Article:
How to Dehydrate Plums



Hey, you're about to learn how to dehydrate plums to make prunes! How cool is that?

It's funny how many people don't know what prunes really are (dehydrated plums!)—but the cat is out of the bag now! :-)

Plums = Prunes, plus make Jams, and Pies!

Make Prunes... from Plums!

Plums are a great source of carbohydrates, and a decent amount of dietary fiber too and when dried as prunes, they are famous for their aid in our digestive systems!

Just eat a couple a day and your digestive system will be fine!

According to Peggy Trowbridge Filippone, from About.com Home Cooking, prunes have a bad reputation with younger folk, and the prune industry got together and re-named prunes. Hence the name change from prunes to 'dried plums'!

Did you know that dehydrated plums are great for snacks, muffins, cookies, breads, and granola?

TOP Frequently Asked Questions:

Drying plums in dehydrator?

One of the top questions and we have the answer on this page!

What are pitted dry plums?

Pitted dry plums, also sometimes labeled as pitted prunes, are plums that have had their pits (stones) removed and have been dried to preserve them and extend their shelf life.

How do you dehydrate plums?

All the deets are on this page, further down.

What are dry salted plums?

Dry salted plums are a type of preserved plum where the fruit is dried and salt is applied as part of the preservation process. Here are some key details:

Nearly ripe plums are pitted, halved, or kept whole with skin intact. Sweet varieties like amber or mirabelle plums are often used.

The plums are dried slowly either out in the hot sun or using low-heat ovens or dehydrators. The sun-drying process can take weeks until nearly all moisture has evaporated from the fruit.

Once the dried plums have shrunk considerably, coarse salt is then packed onto the surface of the fruit. The salted dried plums can sit for a couple more weeks allowing flavors to mingle and preserving compounds to take effect. The finished dry salted plums are very wrinkly, stiff, and leathery in texture with the salt crust encasing them.

They have an intensely salty, sweet-tart, and concentrated plum flavor. Rehydrating the plums mellows out the salt levels before eating them.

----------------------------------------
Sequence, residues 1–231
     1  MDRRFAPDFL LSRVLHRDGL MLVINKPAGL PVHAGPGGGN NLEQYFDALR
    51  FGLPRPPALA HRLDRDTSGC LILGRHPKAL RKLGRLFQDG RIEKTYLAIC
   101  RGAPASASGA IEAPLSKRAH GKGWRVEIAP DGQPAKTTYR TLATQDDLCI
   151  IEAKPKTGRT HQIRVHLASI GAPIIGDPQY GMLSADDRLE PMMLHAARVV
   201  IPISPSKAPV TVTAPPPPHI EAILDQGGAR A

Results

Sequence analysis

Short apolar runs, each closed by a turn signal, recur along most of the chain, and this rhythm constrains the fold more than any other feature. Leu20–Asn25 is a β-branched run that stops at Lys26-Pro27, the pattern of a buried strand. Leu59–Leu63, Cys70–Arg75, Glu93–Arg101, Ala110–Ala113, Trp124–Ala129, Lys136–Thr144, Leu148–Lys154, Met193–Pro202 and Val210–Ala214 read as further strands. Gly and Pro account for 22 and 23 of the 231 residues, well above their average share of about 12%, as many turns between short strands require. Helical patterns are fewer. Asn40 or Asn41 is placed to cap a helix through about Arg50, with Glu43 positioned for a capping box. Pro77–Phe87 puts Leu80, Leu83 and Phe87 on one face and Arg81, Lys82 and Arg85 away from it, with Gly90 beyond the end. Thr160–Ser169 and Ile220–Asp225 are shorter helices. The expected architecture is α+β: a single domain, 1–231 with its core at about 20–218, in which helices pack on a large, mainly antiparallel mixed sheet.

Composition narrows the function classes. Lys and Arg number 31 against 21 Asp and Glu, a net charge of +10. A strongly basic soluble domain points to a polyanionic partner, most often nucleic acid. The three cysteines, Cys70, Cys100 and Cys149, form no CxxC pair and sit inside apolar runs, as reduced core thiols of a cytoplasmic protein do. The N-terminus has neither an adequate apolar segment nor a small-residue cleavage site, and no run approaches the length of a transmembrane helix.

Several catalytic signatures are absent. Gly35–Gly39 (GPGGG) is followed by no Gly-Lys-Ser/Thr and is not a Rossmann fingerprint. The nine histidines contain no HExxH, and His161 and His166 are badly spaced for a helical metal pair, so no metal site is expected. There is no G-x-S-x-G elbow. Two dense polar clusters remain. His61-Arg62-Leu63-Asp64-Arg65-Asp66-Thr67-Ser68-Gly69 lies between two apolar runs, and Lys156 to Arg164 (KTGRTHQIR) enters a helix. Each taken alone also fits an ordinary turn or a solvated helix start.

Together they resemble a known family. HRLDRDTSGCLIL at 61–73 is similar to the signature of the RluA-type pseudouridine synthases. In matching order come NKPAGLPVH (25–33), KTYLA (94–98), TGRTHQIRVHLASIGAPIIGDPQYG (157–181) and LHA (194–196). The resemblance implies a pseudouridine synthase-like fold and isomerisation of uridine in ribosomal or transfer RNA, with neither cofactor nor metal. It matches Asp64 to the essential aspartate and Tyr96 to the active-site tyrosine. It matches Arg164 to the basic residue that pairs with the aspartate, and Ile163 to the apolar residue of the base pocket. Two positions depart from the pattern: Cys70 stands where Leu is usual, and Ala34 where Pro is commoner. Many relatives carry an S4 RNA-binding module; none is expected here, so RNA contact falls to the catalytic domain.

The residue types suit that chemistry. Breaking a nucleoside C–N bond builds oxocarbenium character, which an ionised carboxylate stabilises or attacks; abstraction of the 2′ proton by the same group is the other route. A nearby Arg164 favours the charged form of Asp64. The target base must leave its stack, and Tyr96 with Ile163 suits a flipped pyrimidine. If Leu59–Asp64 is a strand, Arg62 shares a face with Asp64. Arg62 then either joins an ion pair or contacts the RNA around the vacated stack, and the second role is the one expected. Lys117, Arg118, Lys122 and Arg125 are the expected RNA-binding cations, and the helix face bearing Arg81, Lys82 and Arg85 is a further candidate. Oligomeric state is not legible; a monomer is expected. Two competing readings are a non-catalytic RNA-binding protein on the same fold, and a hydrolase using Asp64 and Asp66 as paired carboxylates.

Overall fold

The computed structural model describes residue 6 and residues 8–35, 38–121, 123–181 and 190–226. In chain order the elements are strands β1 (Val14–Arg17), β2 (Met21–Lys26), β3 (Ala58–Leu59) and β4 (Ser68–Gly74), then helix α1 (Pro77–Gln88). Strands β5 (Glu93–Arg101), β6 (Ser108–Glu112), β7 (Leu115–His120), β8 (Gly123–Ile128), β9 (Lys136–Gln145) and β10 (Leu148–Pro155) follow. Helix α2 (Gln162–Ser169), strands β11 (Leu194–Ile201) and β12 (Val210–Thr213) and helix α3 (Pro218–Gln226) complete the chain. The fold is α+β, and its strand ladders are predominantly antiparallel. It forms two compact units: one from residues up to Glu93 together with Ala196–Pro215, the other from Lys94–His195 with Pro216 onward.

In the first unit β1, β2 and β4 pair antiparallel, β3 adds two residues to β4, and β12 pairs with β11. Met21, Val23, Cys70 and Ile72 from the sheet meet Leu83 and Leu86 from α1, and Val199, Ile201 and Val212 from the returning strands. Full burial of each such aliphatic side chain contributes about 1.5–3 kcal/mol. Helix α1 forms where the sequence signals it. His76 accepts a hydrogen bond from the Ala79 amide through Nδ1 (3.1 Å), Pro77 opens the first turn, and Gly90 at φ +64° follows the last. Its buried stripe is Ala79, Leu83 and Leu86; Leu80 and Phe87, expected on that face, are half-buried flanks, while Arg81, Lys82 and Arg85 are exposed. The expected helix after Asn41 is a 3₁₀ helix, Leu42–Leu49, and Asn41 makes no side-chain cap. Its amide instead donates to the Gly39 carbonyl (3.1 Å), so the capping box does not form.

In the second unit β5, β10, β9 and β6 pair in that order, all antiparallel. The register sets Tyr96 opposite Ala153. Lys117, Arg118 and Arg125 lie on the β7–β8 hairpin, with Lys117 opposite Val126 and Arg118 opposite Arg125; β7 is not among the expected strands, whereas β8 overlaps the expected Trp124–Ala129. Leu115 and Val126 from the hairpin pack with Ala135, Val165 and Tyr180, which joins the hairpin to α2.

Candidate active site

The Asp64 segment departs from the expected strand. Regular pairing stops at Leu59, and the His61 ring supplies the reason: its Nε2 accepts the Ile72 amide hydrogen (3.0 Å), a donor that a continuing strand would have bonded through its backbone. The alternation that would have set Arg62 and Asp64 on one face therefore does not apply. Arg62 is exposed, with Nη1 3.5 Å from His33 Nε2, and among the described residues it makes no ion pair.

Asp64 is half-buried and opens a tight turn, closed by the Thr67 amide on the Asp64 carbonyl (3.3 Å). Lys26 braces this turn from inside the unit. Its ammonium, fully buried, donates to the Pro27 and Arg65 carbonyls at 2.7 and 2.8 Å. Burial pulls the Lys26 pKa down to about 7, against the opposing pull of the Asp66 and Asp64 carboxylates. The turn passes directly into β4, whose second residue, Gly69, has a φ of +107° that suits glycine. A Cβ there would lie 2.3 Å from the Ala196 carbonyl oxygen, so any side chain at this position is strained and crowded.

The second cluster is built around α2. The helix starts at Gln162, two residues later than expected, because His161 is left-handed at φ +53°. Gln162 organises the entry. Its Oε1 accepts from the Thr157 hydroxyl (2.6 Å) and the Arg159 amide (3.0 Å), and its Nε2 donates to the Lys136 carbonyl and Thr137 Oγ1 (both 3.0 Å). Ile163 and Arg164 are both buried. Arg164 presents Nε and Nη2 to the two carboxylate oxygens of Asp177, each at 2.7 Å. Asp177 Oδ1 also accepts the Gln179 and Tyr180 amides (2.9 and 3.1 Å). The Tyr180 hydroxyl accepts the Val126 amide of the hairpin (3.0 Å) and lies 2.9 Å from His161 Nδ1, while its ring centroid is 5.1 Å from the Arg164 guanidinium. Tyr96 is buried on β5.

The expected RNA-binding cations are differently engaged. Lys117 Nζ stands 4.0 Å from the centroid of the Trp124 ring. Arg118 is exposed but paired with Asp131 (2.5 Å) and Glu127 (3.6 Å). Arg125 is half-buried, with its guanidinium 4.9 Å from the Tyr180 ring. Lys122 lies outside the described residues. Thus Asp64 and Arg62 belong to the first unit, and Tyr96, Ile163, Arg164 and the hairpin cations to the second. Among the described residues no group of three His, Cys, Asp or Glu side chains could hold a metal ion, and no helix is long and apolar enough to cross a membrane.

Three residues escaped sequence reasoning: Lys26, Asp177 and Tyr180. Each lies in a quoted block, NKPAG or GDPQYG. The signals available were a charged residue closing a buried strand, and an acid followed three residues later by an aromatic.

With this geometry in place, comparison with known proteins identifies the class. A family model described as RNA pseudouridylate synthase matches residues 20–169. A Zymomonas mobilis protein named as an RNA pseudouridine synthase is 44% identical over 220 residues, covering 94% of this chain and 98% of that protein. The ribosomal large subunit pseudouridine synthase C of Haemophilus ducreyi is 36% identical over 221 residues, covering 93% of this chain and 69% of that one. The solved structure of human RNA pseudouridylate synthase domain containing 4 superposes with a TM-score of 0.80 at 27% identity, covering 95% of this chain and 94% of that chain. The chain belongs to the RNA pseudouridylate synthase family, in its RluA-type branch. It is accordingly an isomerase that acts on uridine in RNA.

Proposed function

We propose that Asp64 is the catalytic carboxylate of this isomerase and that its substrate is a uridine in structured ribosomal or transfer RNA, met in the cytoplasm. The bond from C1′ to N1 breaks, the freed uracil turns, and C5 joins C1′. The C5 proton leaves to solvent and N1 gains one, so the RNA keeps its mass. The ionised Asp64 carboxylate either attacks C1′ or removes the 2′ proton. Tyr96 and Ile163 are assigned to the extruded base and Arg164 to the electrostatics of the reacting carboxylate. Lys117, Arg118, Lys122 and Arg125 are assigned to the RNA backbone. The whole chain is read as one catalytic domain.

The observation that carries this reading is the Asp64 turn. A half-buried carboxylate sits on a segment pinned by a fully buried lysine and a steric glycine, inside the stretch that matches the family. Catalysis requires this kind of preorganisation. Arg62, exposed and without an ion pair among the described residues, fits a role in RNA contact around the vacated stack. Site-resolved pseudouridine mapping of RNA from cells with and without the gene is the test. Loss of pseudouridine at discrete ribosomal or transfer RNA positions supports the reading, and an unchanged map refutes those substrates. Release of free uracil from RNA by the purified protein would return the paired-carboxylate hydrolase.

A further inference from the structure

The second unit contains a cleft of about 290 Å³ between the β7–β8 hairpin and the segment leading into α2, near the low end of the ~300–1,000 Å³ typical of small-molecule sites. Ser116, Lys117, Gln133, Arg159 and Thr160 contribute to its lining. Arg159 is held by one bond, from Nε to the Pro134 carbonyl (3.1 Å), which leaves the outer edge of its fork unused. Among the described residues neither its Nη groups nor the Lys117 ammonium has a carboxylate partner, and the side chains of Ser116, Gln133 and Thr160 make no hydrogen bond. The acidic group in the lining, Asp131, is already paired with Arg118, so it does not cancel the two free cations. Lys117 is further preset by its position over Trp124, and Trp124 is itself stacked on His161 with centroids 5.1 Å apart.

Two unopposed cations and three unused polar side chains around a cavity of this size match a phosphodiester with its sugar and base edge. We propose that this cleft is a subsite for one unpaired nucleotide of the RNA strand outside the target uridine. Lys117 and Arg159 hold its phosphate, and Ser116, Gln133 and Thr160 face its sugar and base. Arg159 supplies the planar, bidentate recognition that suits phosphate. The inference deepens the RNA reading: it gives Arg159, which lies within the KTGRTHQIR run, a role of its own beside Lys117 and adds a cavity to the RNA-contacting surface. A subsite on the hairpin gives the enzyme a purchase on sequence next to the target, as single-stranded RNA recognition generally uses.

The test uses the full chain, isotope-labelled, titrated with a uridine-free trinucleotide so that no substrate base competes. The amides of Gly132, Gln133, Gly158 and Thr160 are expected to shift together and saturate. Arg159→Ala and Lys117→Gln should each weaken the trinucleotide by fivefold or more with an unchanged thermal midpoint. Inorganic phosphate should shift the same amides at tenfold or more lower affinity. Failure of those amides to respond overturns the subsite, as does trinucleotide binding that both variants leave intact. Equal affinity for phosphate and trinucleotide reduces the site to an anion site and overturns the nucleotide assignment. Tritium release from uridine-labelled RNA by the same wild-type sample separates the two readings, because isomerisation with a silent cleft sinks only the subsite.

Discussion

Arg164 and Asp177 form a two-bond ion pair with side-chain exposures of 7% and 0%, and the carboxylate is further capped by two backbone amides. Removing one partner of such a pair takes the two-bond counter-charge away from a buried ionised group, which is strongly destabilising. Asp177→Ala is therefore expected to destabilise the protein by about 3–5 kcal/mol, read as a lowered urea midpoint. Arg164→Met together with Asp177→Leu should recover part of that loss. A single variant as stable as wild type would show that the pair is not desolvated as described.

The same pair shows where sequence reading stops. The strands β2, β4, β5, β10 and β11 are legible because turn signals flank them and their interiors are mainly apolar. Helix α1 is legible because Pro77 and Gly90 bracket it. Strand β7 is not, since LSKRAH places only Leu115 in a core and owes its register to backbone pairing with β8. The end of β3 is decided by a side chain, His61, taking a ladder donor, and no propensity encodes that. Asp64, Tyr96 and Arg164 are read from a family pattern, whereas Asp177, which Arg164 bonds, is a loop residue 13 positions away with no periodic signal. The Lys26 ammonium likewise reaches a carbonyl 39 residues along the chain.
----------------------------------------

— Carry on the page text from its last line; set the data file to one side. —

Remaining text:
Properly dried and salted, they can be stored for upwards of one year and be shelf-stable.

Honestly? I think reading all that gives you a new appreciation for those who take the time to do it that way! I'll stick to using an electric dehydrator...

Plums Nutrition Info.

VITAMINS: Vitamin A, followed by Vitamin C, Vitamin K, Folate, and Choline.

MINERALS: High in Potassium, followed by Phosphorus, Magnesium, Calcium, Fluoride, and a trace amount of Iron.

They also contain Omega-6 fatty acids too.

When they're made into prunes, they are a good source of dietary fiber. They're also low in calories and fat.

Bowl of dried plums - prunes

How to Dehydrate Plums for Tasty Prunes

Let's get busy learning how to dehydrate plums!

  1. Wash the fresh plums, slice them in half, remove the pit, and pop the back* to expose more of its surface to the air. Slice into quarters if desired.
  2. Place them on your food dehydrator trays with the cut side up to prevent drips on the lower trays!
  3. Turn on your dehydrator and set the temperature between 125°F and 135°F (or per your food dehydrator's instructions).

*NOTE:
"Pop the back" simply means to turn the fruit inside out after slicing it in half, best done by using your thumb to push the skin side inwards.

When will Dehydrated Plums be Fully Dried?

  • Drying time: between 12-30 hours and the plums will be leathery in consistency when dried. See my important notes from Beverly and Don, below.
  • Remember to rotate your food dehydrator trays, for even drying.

Which Plum Tree Makes the Best Prunes?

Plum tree

If you have a plum tree and are concerned about how to dehydrate plums - assuming your plum tree is suitable for making prunes - please note there are many different types of plum trees that can be used for prunes.

However, some varieties are better than others. For example, the Satsuma plum tree is a popular choice for prunes. This variety produces large, sweet fruits that are perfect for drying.

Other good options include the European plum, the Japanese plum, and the Damson plum. Experiment and see what type of plum you like best!

A Note from Beverly in Washington State:

Beverly, from Washington State, wanted to add this when she was dehydrating plums: They dried way faster than stated above, which was 22-30 hours: in 16 hours at 72% humidity and 135°F degrees, my prunes/plums were almost to the point of "brittle!" My plums were small ~ this is perhaps a factor as well. I will shorten the drying time to 12 hours for the next batch.

Don Hendricks on Plum Trees:

NOTE: Don Hendricks posted this great information: My "plum" tree is a Stanley Prune tree – although it is a variety of plum, it is an Italian PRUNE - it's where prune juice comes from – not all varieties will dry into a prune!

What is a Stanley Prune Tree?

Regarding Don's comment above: a Stanley prune tree is a type of plum tree that produces large, sweet fruits. The fruits of this tree are often used for drying and can be made into prunes.

The Stanley prune tree is native to the western United States. It's a popular choice for gardens and orchards because it's easy to care for and produces a large crop of fruit.

If you're looking for a tree that will produce a lot of prunes, the Stanley prune tree is a good choice!

Margaret's Tip of the Day:

Margaret posted this great idea (on our Facebook page): I sliced my plums into thin rings and dehydrated until crisp. Resulted in a great snack to eat on the go!

Thanks for visiting how to dehydrate plums. Be sure to check out all our fruits on this page.

Before you go, don't forget to pick up your free eBook called "How to Grow and Dehydrate Herbs" here!